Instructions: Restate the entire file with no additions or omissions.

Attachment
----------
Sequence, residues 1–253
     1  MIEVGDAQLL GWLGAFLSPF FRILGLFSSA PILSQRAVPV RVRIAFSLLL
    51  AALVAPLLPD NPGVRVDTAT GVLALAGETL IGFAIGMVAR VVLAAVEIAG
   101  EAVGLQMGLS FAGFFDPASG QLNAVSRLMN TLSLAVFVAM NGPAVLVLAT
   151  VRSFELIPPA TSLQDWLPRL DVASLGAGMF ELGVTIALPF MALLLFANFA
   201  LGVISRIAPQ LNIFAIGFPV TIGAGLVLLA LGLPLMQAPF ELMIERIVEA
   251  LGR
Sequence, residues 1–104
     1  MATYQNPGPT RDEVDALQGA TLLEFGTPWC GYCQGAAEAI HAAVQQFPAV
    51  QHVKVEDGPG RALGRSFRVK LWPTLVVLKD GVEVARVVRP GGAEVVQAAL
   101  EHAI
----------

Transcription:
Sequence, residues 1–253
     1  MIEVGDAQLL GWLGAFLSPF FRILGLFSSA PILSQRAVPV RVRIAFSLLL
    51  AALVAPLLPD NPGVRVDTAT GVLALAGETL IGFAIGMVAR VVLAAVEIAG
   101  EAVGLQMGLS FAGFFDPASG QLNAVSRLMN TLSLAVFVAM NGPAVLVLAT
   151  VRSFELIPPA TSLQDWLPRL DVASLGAGMF ELGVTIALPF MALLLFANFA
   201  LGVISRIAPQ LNIFAIGFPV TIGAGLVLLA LGLPLMQAPF ELMIERIVEA
   251  LGR
Sequence, residues 1–104
     1  MATYQNPGPT RDEVDALQGA TLLEFGTPWC GYCQGAAEAI HAAVQQFPAV
    51  QHVKVEDGPG RALGRSFRVK LWPTLVVLKD GVEVARVVRP GGAEVVQAAL
   101  EHAI